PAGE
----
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5000 yr old Findings in the Burnt City Challenge Mesopotamian Origins Theory

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posted on Jan, 21 2015 @ 09:34 AM
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a reply to: bigfatfurrytexan

I don't think it was graduated in millimetres or anything. Just that, whatever scale they used, the divisions are accurate to 1mm.

Which is actually pretty inaccurate, when you think of it like that.




posted on Jan, 21 2015 @ 09:37 AM
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a reply to: Blackmarketeer

Thanks Blackmarketeer, nice to see you and thank you for 'fleshing out' the OP somewhat.
That is exactly Steedman's Thake premise, and the point of the article - that this particular city shows such divergence from regional and cultural norms. It's really interesting that the Sumerians were thought to come from the East, I didn't know that.

As to the walls, you make a great point. A lack of city walls and a city that was burned three times points to invaders and incomers.



posted on Jan, 21 2015 @ 09:38 AM
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It could simply be down to high density housing. London in the 17th Century had the same problems. Homes were built out of wooden frames and straw thatched roofs with stone fireplaces and staircases. Merchants stored as many goods as they could in the eaves and upper floors of their homes. Cooking and heating was done using wood and coal. Combine that with narrow streets and terraced homes, it was a disaster waiting to happen.



posted on Jan, 21 2015 @ 09:39 AM
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Also, I wanted to say: great bone structure, that girl. Looks like she had all her teeth, too. Bet she was a looker.

Why was it burnt down? All those squat, hairy, misshapen folk living round about. Never could get invited to parties in the city. Never got to meet all the six-foot hotties. Well, what would you do?



posted on Jan, 21 2015 @ 09:42 AM
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originally posted by: bigfatfurrytexan
i am interested in the ruler.

So they found a 5000 year old ruler that had a nearly perfect representation of the metric system?


Hi there!
Yes me too, well spotted. Leave it with me while I get some clarifications on that ruler. It was 10cm long, but whether it was divided into 10x 1cm sections or whatever, I don't know. But I will try to find out for you!



posted on Jan, 21 2015 @ 09:45 AM
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a reply to: Astyanax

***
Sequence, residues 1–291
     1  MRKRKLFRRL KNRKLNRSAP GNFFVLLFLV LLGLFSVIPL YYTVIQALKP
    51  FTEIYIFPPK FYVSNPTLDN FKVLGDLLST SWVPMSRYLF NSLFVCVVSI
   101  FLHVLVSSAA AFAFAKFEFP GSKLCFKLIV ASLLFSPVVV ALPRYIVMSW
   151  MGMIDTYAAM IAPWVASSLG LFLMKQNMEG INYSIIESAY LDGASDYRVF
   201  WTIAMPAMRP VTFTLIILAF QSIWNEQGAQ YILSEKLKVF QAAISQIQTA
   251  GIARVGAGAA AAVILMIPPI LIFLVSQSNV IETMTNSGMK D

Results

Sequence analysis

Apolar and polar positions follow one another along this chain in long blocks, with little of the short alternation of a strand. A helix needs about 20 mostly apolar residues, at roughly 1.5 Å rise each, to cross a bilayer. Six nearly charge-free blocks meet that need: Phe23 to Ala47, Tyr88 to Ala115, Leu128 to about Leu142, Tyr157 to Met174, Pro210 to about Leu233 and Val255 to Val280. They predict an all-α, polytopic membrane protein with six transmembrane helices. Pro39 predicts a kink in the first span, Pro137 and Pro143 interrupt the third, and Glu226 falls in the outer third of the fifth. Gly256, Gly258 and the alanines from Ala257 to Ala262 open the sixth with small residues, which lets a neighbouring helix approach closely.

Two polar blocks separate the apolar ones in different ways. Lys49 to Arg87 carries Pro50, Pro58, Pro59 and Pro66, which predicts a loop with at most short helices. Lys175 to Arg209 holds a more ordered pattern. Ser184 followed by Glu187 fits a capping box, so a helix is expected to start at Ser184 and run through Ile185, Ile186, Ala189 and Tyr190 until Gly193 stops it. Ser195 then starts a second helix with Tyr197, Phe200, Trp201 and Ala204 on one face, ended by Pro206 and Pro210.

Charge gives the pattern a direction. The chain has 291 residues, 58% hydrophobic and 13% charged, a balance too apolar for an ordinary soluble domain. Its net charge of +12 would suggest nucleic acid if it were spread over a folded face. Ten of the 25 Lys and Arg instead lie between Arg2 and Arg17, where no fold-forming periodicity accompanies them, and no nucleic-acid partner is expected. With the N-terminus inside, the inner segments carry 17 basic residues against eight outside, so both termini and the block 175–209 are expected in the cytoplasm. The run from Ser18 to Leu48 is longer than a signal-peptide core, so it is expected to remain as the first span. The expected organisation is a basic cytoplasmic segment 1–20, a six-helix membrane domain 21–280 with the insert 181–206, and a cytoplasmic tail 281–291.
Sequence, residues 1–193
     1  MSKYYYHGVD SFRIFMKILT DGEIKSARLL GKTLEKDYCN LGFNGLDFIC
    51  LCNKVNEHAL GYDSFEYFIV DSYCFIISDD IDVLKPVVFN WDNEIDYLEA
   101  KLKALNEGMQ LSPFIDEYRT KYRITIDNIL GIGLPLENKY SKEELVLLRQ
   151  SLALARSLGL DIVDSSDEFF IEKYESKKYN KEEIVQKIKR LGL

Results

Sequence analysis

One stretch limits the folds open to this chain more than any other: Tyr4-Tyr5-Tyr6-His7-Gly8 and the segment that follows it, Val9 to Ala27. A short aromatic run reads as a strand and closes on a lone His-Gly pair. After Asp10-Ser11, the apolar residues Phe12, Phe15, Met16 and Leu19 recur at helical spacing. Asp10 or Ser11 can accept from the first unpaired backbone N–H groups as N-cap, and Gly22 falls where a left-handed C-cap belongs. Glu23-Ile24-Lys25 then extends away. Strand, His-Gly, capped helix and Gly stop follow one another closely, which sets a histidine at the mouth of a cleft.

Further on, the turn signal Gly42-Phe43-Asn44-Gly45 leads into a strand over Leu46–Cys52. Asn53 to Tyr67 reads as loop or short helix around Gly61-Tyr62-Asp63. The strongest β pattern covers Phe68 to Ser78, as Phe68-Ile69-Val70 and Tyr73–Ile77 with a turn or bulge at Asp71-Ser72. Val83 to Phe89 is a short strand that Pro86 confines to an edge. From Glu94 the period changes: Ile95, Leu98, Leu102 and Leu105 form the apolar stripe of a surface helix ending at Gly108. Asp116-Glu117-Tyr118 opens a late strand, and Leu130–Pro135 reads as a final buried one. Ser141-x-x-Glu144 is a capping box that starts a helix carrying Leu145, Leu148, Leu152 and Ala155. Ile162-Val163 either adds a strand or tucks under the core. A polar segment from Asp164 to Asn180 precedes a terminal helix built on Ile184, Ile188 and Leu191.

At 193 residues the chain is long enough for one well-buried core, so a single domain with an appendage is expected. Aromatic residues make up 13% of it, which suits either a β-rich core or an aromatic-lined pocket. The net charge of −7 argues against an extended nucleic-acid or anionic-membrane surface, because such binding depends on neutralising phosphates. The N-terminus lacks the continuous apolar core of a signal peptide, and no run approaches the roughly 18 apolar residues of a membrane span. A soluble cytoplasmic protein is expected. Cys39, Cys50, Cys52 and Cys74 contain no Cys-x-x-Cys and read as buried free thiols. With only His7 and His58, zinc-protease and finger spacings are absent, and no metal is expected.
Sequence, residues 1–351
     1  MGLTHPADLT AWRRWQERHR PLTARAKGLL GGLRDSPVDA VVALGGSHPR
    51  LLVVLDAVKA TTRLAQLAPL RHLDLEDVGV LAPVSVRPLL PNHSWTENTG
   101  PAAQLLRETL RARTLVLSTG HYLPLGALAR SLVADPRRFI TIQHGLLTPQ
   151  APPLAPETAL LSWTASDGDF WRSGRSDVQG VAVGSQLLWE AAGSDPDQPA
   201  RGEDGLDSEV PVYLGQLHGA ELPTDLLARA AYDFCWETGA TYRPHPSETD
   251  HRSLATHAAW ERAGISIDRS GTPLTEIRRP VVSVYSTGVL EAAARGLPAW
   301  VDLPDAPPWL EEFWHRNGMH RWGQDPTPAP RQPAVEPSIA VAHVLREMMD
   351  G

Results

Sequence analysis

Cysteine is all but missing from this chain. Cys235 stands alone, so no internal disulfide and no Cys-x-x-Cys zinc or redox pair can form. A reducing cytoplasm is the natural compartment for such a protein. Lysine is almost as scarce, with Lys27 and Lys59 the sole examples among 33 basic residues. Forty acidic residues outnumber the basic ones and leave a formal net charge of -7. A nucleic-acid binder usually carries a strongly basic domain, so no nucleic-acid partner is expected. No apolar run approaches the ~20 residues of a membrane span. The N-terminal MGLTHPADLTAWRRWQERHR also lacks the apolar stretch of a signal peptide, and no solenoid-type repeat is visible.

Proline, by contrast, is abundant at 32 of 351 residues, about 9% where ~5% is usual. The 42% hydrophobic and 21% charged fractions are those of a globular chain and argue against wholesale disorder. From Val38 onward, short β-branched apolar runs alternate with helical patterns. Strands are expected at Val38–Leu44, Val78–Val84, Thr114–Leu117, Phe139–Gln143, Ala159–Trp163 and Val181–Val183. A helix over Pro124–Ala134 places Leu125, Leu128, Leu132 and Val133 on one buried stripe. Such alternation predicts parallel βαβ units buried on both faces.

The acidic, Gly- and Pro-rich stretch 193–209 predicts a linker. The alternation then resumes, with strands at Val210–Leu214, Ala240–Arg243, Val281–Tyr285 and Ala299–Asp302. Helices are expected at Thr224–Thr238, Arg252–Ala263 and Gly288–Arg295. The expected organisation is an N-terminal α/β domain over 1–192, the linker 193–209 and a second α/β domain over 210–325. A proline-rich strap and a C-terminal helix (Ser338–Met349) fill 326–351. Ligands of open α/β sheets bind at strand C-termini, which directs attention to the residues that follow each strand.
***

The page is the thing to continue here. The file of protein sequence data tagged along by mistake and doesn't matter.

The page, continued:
She was 6ft tall with cheekbones to die for. Good theory, it's probably not that far off the mark!



posted on Jan, 21 2015 @ 09:50 AM
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a reply to: Shiloh7

That's an excellent point about DNA samples Shiloh, let me look into that. I agree with you totally, there is so much uncovered and I imagine that a lot could be found beneath current housing or built-on land, so that it could be centuries until it is available for excavations.

a reply to: stormcell

That's very true and depending on what a 5000 yr old fire brigade looked like, it would be as you say -a disaster waiting to happen.

edit on 21-1-2015 by beansidhe because: add



posted on Jan, 21 2015 @ 10:02 AM
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a reply to: beansidhe
Hi Beansidhe,
Nice post,

Cant help but notice the decorations on the cup, I've seen that motiff elsewhere but i cant place it.
The artificial eye is amazing.
I wish there was a little more info on the site, I would really like to know if they made use of the horse, as their indus neighbors to the east never did, which is surprising.
Also, they say the city was burned down several times, i woner if there is any eveidence of inter group violence in the graves.
it will be interesting to see a genetic profile from the site if they are able to.



posted on Jan, 21 2015 @ 10:04 AM
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a reply to: beansidhe

With today's values for so many wanting only a fast return on their money, archaeology and our past seems little relevant to the people who would have, in the past, financed these digs. As I said before there is a terrible reticense to upset the present view on history and of course religious belief because the further back you go you realise that people had obviously thrived on their own initiative.



posted on Jan, 21 2015 @ 10:10 AM
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a reply to: beansidhe

It would not surprise me in the least. Numbers and measurements are ancient concepts, and have a way of repeating themselves when entrenched in esoterica.



posted on Jan, 21 2015 @ 10:24 AM
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a reply to: bigfatfurrytexan

I'm with u Texan

If it is a ruler in cm and u have to know the circumference of the planet to get that well...

To think that some will just try to brush that off as a coincidence is fascinating in and of itself

I'm gonna look into this more now

Looks like it is in cm and accurate down to 1/2 a mm



Yet another surprising artifact is a 10-centimeter ruler with an accuracy of half a millimeter(!

Read more: www.messagetoeagle.com...